A woman holds up an iPad showing an augmented reality version of a space filled with clocks.
Raqs Media Collective: Escapement, on the wall, and Betaal, on the iPad, installation view, at NMACC.

The center of the room looks deceptively empty wherein sits Betaal, an augmented reality work of abstract geometric figures that can be seen using iPads. Raqs has said they see this work as an entity that moves in the liminal gap between time and consciousness. There is a comfortable rhythm to Raqs’ work, the repetition and symmetry of clocks for instance lull you into reading it as an obvious rendition of time, until you are faced with the giant clock that compels you to dwell on the immense volatility of time and how it shapes our lives, language, and consciousness.

On the third floor is Asim Waqif’s Chaal (2024), an elaborate bamboo structure that is brought to life as you walk around or into it. While the work, and the exhibition as a whole, could perhaps be interpreted as an escape from the world, Waqif sees it differently. “I am nauseated by celebration right now, especially in the arts which has become a medium of celebrating redevelopment projects, real estate, new infrastructure, or just about anything. So Chaal while being playful is intended to have a dark mood, an element of unsettlement owing to its unpredictability.”

A person looks up at several imposing bamboo structures.
Asim Waqif, Chaal, 2024, installation view, at NMACC.

That unsettling feeling can come in the form of sudden sounds and lights activated by stepping on the bending bamboo structure or getting lost in its crevices—like entering a maze that has no exit. The experience can often vacillate between a childlike curiosity or a melancholic sense of doom.

In thinking about Waqif’s work within this context, BKC, the real estate development where this work is now sited, itself become a negation and denial of the realities of Mumbai, especially its poor. BKC and the NMACC within it are technically open to everyone are traversed by few, and comfortably so by even fewer. The looming glass facades, luxury brands, and absence of public transport or affordably priced food all ensure that the barrier of class and caste stands inviolable. The show itself is priced at INR 299 ($3.60 USD), an amount that could buy three dinners in Mumbai; it is, however, free for art students, if previously booked online.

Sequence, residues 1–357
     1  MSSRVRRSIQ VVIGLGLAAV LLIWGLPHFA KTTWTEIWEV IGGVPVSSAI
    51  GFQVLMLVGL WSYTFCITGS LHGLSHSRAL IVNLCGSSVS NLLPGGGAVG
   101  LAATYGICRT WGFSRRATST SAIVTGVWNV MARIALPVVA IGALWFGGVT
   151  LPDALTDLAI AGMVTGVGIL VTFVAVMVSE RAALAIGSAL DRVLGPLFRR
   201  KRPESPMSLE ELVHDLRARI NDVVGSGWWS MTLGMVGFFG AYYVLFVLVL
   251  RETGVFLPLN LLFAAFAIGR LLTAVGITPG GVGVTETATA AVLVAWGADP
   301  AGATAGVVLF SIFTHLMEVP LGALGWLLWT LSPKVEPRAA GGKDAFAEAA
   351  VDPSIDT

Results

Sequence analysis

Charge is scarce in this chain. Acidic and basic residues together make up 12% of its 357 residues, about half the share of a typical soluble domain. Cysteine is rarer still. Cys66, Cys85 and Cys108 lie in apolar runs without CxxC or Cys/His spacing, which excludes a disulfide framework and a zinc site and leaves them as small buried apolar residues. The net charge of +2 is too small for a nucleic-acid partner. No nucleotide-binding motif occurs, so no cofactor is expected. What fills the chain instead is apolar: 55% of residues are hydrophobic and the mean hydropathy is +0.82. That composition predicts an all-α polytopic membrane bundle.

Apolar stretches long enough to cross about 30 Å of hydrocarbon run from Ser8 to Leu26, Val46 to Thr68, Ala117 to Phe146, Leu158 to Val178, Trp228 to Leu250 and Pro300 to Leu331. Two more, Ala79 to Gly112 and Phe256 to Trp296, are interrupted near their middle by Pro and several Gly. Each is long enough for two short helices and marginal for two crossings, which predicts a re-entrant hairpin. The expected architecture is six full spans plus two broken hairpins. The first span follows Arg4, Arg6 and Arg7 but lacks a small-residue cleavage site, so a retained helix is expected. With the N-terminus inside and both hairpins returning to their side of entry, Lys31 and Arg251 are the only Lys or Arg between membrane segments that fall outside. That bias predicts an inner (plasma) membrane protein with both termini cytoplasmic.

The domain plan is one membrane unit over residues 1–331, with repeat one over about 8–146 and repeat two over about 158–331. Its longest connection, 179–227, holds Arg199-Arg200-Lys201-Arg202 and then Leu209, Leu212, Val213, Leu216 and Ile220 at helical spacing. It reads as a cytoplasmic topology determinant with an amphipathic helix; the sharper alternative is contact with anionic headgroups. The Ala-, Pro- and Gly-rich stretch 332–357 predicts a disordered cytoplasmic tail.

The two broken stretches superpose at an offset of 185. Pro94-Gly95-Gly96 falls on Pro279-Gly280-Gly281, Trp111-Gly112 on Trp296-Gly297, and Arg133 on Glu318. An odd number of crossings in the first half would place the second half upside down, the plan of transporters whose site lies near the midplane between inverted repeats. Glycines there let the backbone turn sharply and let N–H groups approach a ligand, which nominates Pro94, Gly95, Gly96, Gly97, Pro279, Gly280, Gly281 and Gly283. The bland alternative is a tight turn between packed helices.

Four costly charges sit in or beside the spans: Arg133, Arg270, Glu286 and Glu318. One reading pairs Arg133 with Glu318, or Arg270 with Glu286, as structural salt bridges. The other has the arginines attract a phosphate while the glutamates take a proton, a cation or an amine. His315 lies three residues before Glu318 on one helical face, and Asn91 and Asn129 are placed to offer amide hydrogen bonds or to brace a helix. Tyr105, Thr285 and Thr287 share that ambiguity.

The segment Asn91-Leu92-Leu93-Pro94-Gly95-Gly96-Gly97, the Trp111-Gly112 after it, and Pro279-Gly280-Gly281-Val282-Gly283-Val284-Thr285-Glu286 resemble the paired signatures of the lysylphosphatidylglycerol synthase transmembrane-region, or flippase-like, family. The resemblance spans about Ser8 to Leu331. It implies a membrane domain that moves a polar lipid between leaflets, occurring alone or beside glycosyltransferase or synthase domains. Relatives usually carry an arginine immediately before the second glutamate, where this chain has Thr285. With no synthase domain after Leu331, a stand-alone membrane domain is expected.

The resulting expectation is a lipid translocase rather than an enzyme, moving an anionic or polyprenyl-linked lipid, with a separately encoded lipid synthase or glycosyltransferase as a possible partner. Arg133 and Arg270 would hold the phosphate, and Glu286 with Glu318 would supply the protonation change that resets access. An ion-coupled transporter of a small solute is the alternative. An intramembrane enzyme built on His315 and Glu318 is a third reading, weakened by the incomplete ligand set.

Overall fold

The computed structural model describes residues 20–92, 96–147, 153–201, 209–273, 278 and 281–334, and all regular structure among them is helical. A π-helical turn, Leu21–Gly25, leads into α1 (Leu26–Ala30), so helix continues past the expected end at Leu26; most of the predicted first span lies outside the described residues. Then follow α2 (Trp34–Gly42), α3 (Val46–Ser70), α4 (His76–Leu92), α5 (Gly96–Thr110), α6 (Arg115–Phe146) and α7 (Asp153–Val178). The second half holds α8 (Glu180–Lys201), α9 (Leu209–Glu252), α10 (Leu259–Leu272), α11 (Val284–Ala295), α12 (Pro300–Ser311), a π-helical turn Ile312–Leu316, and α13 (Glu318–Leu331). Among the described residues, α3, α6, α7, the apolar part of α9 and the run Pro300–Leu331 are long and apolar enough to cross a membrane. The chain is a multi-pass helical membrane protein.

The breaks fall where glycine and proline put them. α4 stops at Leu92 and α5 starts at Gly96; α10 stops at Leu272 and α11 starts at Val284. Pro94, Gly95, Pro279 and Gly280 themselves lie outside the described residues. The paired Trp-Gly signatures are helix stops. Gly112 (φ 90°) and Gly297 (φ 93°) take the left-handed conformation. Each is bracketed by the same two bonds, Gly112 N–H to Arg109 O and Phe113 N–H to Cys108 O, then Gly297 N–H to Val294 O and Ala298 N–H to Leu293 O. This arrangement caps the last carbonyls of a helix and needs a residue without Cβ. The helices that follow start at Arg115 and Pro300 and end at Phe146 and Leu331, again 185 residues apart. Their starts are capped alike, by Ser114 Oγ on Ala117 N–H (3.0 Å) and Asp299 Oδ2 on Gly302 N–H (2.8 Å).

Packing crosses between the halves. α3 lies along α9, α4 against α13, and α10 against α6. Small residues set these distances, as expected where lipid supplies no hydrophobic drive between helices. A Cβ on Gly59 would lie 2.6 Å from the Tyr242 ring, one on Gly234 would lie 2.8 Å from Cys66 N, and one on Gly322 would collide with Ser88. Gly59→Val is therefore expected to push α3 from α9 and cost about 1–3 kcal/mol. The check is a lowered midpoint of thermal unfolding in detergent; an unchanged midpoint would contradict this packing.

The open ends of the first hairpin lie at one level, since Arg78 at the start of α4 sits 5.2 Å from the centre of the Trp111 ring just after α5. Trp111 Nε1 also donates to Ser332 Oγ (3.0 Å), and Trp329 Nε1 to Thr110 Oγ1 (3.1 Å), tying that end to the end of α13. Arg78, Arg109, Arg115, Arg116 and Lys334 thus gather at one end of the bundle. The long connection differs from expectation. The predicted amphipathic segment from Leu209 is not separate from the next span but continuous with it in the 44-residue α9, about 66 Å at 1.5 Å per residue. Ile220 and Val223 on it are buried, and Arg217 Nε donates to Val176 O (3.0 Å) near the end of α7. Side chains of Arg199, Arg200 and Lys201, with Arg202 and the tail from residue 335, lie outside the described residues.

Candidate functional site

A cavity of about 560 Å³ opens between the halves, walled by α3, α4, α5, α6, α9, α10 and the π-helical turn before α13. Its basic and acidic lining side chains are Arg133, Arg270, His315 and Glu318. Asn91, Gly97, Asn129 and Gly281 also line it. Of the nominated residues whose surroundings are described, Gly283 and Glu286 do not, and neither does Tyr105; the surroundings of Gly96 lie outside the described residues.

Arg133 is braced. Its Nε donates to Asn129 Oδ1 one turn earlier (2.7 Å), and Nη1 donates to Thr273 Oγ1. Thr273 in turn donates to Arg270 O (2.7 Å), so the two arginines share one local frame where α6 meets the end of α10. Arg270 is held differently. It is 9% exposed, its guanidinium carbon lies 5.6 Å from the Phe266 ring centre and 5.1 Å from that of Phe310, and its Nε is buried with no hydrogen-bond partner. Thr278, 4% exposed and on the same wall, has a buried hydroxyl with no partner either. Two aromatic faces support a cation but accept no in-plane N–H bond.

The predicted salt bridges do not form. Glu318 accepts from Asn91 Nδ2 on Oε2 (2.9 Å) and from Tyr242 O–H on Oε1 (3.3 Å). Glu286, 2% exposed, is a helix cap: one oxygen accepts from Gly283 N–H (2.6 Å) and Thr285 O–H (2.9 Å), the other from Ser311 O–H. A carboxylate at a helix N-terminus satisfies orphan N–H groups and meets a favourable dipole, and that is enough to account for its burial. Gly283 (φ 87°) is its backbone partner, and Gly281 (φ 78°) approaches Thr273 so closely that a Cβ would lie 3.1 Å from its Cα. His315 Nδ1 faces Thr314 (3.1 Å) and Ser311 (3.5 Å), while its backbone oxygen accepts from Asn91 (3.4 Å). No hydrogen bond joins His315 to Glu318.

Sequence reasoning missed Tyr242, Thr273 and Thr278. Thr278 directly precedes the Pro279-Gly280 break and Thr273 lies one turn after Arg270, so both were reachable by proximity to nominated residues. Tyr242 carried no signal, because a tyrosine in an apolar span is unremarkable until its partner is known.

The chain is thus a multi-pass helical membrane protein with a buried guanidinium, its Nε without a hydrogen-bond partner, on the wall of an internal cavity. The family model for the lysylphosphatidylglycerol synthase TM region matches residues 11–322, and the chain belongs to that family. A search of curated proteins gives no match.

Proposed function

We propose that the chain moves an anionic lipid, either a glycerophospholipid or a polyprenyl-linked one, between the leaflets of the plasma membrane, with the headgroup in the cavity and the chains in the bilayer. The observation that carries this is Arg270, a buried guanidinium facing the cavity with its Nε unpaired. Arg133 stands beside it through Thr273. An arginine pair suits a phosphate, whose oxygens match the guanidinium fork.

A black-painted room with grids of neon green that leads to a screen.
Afra Shafiq, Sultana’s Reality, 2017, installation view, at NMACC.

For Sultana’s Reality (2017), Afra Shafiq takes the liminal gaps of the exhibition’s title more literally, presenting a mini library of books written by South Asian women, which visitors can annotate using sticky notes and graphite pencils, and a black box displaying a fantastical interactive experience (it can also be accessed online). This multimedia story, which borrows part of its name from Begum Rokeya’s 1905 feminist utopian story Sultana’s Dream, explores the relationship between women and colonial education movement in India using archival imagery, humor, contemporary culture, and historical nuggets.

“Most conversation around women’s education in India has been in the lines of ‘beti bachao… beti padhao’ (translation: save the daughter by educating the daughter) devoid of women’s autonomy or even voice,” Shafiq said. “Even the early reformers—colonial and Brahmanical alike—never thought of women’s education as a way to make them equal partners, or to imagine a world where they’d be educated and hence emancipated. She sees this reform movement “as a software update” that is “full of bugs.” Indeed, a thinking, liberated woman would be disastrous to their world order, especially when taking into account that Indian women were to be taught “to read but not to write,” according to one primary source in the video, and “only literature on devotion, gardening, child rearing, perhaps poetry” but never mathematics, chemistry, philosophy, or political science.

How this exhibit will “reshape India’s cultural identity” remains an unanswered and forgotten assertion when actually visiting “Liminal Gaps.” The insistence on these artists’ Indian-ness, on the part of the curators and NMACC’s billionaire founders, fails to register.

The post “An Exhibition in Mumbai Looks at India’s ‘Liminal Gaps’” by Maximilíano Durón was published on 06/06/2024 by